Feeds

New cig peril: Third-hand smoke coats puffers in poison

Deadly 'electronic gaspers' fingered, too

Bridging the IT gap between rising business demands and ageing tools

US federal boffins in Berkeley, California say they have discovered yet another deadly hazard associated with smoking. They also raise warnings regarding the perils associated with electronic cigarettes.

The dangers of actually smoking a cigarette, and those from breathing a smoker's "second hand" smoke were well-known: but now we learn of that insidious killer "third hand smoke".

"The burning of tobacco releases nicotine in the form of a vapor that adsorbs strongly onto indoor surfaces, such as walls, floors, carpeting, drapes and furniture. Nicotine can persist on those materials for days, weeks and even months. Our study shows that when this residual nicotine reacts with ambient nitrous acid it forms carcinogenic tobacco-specific nitrosamines or TSNAs," says Hugo Destaillats of the Indoor Environment Department at Berkeley Lab. "TSNAs are among the most broadly acting and potent carcinogens present in unburned tobacco and tobacco smoke."

Basically it isn't enough to banish smokers to an outdoor area, there to suck and gasp on their burning sooty treats. As they do so, their clothes and skin will become coated with deadly nicotine, which will then react with nitrous acid floating inside a building - usually generated by "unvented gas appliances" or diesel engines, apparently - to form a slick of poisonous slime which they will drip everywhere in the style of giant, evil snails.

"Smoking outside is better than smoking indoors but nicotine residues will stick to a smoker's skin and clothing," says Lara Gundel of the Berkeley Lab. "Those residues follow a smoker back inside and get spread everywhere. The biggest risk is to young children. Dermal uptake of the nicotine through a child's skin is likely to occur when the smoker returns and if nitrous acid is in the air, which it usually is, then TSNAs will be formed."

And don't think you're getting away with the use of a so-called "electronic cigarette". These battery powered in-mouth devices vapourise a nicotine solution into a mist, allowing a hopeless drug-slave to get his or her fix without generating any first or second-hand smoke. But the nicotine fog, according to the Berkeley researchers, will still generate third-hand smoko-slime, and kill children by the score.

It seems that only "100 percent smoke free environments in public places" - presumably meaning not even outdoor smoking - can be acceptably healthy. In the case of buildings where "substantial smoking" has occurred in the past, the Berkeley profs recommend that the carpets, walls, furniture and ceilings be replaced.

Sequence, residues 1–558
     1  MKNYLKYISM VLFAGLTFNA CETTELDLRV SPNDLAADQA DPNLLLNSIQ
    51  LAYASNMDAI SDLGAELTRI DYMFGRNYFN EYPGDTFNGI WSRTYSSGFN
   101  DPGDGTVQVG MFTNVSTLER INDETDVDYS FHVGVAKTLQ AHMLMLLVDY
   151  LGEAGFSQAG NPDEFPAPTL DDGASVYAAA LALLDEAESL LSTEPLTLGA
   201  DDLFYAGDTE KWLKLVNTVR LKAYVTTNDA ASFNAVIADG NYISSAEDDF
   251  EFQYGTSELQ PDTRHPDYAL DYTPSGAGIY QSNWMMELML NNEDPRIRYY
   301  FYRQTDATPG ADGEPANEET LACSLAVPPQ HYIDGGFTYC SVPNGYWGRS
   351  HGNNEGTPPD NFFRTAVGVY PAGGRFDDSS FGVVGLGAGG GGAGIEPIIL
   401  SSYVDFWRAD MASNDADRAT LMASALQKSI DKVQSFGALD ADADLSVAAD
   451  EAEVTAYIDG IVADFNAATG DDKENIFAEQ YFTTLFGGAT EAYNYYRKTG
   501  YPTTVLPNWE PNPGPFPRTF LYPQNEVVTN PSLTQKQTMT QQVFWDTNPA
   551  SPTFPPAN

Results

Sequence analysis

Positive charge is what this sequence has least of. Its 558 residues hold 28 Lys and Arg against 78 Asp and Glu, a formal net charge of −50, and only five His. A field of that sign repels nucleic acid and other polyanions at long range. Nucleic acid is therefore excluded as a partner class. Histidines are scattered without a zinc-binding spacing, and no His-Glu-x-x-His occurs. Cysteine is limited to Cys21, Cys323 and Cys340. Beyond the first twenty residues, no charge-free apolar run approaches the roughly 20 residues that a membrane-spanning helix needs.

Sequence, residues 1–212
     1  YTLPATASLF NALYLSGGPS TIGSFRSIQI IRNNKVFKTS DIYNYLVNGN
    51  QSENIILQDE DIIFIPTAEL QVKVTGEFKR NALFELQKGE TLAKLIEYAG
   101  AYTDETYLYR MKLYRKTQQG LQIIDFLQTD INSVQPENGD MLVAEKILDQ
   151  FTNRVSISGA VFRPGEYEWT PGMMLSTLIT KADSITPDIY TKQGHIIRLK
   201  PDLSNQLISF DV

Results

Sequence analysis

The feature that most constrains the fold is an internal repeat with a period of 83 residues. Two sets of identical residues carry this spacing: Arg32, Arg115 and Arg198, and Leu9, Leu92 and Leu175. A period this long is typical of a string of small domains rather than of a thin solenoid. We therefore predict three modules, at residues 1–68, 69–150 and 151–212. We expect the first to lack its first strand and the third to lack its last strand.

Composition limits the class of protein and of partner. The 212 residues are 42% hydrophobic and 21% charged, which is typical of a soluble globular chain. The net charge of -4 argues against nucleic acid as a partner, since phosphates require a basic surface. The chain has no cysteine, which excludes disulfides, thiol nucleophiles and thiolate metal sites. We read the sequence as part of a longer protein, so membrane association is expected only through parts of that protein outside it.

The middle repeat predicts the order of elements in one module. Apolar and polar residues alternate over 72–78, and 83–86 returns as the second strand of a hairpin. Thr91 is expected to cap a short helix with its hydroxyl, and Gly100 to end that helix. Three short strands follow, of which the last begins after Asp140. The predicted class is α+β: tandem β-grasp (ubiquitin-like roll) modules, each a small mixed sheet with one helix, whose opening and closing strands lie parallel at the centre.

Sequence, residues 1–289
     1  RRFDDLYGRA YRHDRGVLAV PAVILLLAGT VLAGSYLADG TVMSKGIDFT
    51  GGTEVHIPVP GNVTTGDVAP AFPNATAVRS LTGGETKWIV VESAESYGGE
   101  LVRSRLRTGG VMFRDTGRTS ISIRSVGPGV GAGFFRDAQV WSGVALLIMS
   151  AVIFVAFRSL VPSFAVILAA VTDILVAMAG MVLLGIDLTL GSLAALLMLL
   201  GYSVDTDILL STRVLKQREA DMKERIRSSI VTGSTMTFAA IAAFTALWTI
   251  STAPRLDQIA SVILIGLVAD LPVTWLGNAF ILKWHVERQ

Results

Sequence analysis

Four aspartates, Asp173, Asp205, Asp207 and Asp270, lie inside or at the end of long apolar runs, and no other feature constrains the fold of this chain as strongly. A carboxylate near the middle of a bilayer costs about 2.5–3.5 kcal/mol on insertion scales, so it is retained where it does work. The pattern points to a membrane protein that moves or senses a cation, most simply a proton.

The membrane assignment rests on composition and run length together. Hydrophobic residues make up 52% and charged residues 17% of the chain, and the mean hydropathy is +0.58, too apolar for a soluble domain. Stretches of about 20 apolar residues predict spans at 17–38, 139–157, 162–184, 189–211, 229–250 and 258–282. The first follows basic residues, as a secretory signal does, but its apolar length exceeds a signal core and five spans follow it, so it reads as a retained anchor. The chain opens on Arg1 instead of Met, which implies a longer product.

There's more on the new discoveries here. ®

Mobile application security vulnerability report

More from The Register

next story
Bad back? Show some spine and stop popping paracetamol
Study finds common pain-killer doesn't reduce pain or shorten recovery
Malaysian Airlines flight MH17 claimed lives of HIV/AIDS cure scientists
Researchers, advocates, health workers among those on shot-down plane
Mwa-ha-ha-ha! Eccentric billionaire Musk gets his PRIVATE SPACEPORT
In the Lone Star State, perhaps appropriately enough
SMELL YOU LATER, LOSERS – Dumbo tells rats, dogs... humans
Junk in the trunk? That's what people have
All those new '5G standards'? Here's the science they rely on
Radio professor tells us how wireless will get faster in the real world
The Sun took a day off last week and made NO sunspots
Someone needs to get that lazy star cooking again before things get cold around here
Boffins discuss AI space program at hush-hush IARPA confab
IBM, MIT, plenty of others invited to fill Uncle Sam's spy toolchest, but where's Google?
prev story

Whitepapers

Designing a Defense for Mobile Applications
Learn about the various considerations for defending mobile applications - from the application architecture itself to the myriad testing technologies.
How modern custom applications can spur business growth
Learn how to create, deploy and manage custom applications without consuming or expanding the need for scarce, expensive IT resources.
Reducing security risks from open source software
Follow a few strategies and your organization can gain the full benefits of open source and the cloud without compromising the security of your applications.
Boost IT visibility and business value
How building a great service catalog relieves pressure points and demonstrates the value of IT service management.
Consolidation: the foundation for IT and business transformation
In this whitepaper learn how effective consolidation of IT and business resources can enable multiple, meaningful business benefits.